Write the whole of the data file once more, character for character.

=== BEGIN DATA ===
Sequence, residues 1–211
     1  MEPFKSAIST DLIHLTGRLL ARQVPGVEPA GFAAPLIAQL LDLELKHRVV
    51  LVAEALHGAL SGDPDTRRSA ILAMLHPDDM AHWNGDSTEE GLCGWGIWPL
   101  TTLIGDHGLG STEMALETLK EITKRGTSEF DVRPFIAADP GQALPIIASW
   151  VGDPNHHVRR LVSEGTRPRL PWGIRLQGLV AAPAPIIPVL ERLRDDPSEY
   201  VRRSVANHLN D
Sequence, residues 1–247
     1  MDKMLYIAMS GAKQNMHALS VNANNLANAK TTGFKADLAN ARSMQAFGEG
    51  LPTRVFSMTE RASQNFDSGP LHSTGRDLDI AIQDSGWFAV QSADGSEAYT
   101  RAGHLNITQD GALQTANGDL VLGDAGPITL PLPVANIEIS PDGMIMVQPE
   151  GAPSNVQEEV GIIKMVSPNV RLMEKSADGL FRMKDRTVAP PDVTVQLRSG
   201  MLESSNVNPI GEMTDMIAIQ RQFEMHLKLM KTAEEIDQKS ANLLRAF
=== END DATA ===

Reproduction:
Sequence, residues 1–211
     1  MEPFKSAIST DLIHLTGRLL ARQVPGVEPA GFAAPLIAQL LDLELKHRVV
    51  LVAEALHGAL SGDPDTRRSA ILAMLHPDDM AHWNGDSTEE GLCGWGIWPL
   101  TTLIGDHGLG STEMALETLK EITKRGTSEF DVRPFIAADP GQALPIIASW
   151  VGDPNHHVRR LVSEGTRPRL PWGIRLQGLV AAPAPIIPVL ERLRDDPSEY
   201  VRRSVANHLN D
Sequence, residues 1–247
     1  MDKMLYIAMS GAKQNMHALS VNANNLANAK TTGFKADLAN ARSMQAFGEG
    51  LPTRVFSMTE RASQNFDSGP LHSTGRDLDI AIQDSGWFAV QSADGSEAYT
   101  RAGHLNITQD GALQTANGDL VLGDAGPITL PLPVANIEIS PDGMIMVQPE
   151  GAPSNVQEEV GIIKMVSPNV RLMEKSADGL FRMKDRTVAP PDVTVQLRSG
   201  MLESSNVNPI GEMTDMIAIQ RQFEMHLKLM KTAEEIDQKS ANLLRAF